Son of a local butcher, Bloc has repeatedly witnessed the fragility of existing systems in the area. In 1977, a storm coinciding with a very high tide severely damaged the dike. Twenty-two years later, it was the turn of the Saâne to overflow, swollen by heavy rains which caused significant flooding in 1999.

“I had to help people get out of their windows and deliver food to people in a canoe,” he recalls. Faded posters that show how high the water level reached during these floods are still displayed on various buildings in the city.

“Whenever there is a storm, we rebuild and we strengthen it,” Bloc said. “But as the water rises and the storms get stronger and stronger due to global warming, it is clear that this is no longer enough.”

As you walk along the sea wall, there are clear signs to confirm the finding of Bloc. In one place, a boulder was forced off its axis. “He was pushed by the waves during high tides,” said the mayor. A little further on, cracks appeared on the road. “I finally accepted all of this. We must no longer resist, we must accept the reality of this rising sea level and adapt to it,” he said.

In Quiberville, the dike shows signs of weakness.

In Quiberville, the dike shows signs of weakness. © Cyrielle Cabot, France 24

“With the rise in water levels predicted by scientists, a decline inland will be inevitable,” Costa admitted. “By protecting the coastline, we only save a little time. “

Quiberville’s project is innovative and makes sense, according to Costa. “This shows that by anticipating, we can set up intelligent and attractive projects for the reorganization of the territory,” he said.

The camping dilemma

A first step is to move a municipal campsite located a few steps from the sea, just behind the dike. “In 1999, right after we finished renovating it, it was completely destroyed. The water reached 1.6 meters – the trailers were floating,” Bloc said. The campsite will be completely dismantled by 2024 and a new one will be built 700 meters higher on the cliffs of Quiberville.

Although he is convinced that it is the right thing to do, the mayor does not hide his concern. “This campsite is a very important part of our livelihood, it is one of our main sources of income and our main economic activity. It alone represents eight jobs. It is no small feat for one. village like ours, ”he explained. “Some people have been coming to the campsite for over 50 years. Obviously, for them, it is a difficult decision to accept.

While discussing the site of the future campsite, Bloc manages to smile. “But it is also an opportunity to renew itself. The new campsite will be more modern, more geared towards motorhomes. There will be mobile homes, a swimming pool,” he said.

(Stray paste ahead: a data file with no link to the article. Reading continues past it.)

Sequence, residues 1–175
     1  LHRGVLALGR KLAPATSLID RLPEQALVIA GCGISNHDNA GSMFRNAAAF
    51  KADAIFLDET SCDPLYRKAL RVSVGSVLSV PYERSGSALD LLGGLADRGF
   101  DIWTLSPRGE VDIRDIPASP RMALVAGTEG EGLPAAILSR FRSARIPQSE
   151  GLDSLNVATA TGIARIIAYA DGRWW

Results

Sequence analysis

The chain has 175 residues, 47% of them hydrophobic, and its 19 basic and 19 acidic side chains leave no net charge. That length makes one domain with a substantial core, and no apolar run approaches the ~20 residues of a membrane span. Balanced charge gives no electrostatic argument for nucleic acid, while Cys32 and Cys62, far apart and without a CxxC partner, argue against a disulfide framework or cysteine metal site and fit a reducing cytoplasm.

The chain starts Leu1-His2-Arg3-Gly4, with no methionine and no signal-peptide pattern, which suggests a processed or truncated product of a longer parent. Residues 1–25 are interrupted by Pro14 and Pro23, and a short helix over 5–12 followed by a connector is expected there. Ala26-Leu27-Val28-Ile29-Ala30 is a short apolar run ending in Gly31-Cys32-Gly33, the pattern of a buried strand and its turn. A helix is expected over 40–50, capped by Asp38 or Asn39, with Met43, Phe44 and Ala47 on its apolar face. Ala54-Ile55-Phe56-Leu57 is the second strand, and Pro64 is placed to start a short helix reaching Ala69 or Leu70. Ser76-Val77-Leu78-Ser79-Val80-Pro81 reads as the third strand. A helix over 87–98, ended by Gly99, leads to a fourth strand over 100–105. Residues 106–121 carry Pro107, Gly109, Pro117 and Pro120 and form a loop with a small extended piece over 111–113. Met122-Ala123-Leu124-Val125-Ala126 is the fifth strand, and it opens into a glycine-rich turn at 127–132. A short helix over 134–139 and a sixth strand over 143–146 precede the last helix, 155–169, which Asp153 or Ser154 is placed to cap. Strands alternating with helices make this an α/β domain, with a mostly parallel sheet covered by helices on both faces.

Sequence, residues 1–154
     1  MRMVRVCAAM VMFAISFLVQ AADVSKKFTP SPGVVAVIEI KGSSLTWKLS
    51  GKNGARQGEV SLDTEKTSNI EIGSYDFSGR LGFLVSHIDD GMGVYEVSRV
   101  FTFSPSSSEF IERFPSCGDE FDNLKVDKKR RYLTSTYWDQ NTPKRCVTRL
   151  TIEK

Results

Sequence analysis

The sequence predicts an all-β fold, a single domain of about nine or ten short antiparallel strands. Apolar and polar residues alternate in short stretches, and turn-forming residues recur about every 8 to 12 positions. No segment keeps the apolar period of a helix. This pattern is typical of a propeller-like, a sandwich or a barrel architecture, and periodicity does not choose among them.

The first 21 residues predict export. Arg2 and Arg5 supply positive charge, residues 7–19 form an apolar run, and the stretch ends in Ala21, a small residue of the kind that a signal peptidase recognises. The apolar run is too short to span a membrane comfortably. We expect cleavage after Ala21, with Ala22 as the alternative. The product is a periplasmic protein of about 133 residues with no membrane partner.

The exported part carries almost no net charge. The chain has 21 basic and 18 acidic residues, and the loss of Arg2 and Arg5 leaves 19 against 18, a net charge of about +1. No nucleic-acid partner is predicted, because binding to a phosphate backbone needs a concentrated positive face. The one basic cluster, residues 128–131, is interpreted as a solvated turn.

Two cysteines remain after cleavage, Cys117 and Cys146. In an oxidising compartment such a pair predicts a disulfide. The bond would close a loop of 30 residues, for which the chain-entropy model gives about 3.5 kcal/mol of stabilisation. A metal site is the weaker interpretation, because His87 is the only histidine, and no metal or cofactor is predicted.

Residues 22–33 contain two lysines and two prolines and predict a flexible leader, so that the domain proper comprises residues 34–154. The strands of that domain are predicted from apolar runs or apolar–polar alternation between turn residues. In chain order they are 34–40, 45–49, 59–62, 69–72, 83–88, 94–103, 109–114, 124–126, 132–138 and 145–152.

Régis Leymerie (on the right) and Jean-François Bloc on the site of the future Quiberville campsite.

Régis Leymerie (on the right) and Jean-François Bloc on the site of the future Quiberville campsite. © Cyrielle Cabot, France 24

Cliff erosion

At the top of the white chalk cliffs of Quiberville, the houses are also threatened by erosion. When asked about this problem, Bloc is much more defeatist. “We can do whatever we want, we won’t be able to do much more than slow the process down,” he said sadly.

“Erosion eats away about 40 centimeters of cliffs each year,” Costa explained. “Below, the waves hit the cliff and weaken it. At the top, it is the pressure of urbanization and the infiltration of rainwater that worry.

Bloc has already had to ask three families to leave their homes for security reasons; the last time in July 2020. “Today when someone comes to me for a purchase project on the cliff, I am not lying. I am warning buyers that they will only be able to see a beautiful sunset. the next 20 or 30 years. “

An imminent danger order was issued for this house, located a few steps from the edge of the cliff, in July 2020.

An imminent danger order was issued for this house, located a few steps from the edge of the cliff, in July 2020. © Cyrielle Cabot, France 24

In total, around forty houses in the department are at risk of collapsing under the pressure of erosion, according to 2020 estimates from the Center for Studies and Expertise on Risks, the Environment, Mobility and Urban Planning ( Cerema) and the Departmental Directorate of Seine-Maritime. Directorate of Territories and the Sea (DDTM).

What will Quiberville look like in 20, 30 or 50 years? The cliffs will have receded considerably but below will be “a beautiful natural area, where many tourists will come for a walk to watch migratory birds and enjoy the sea,” Leymarie said optimistically.

This article has been translated from the original into French.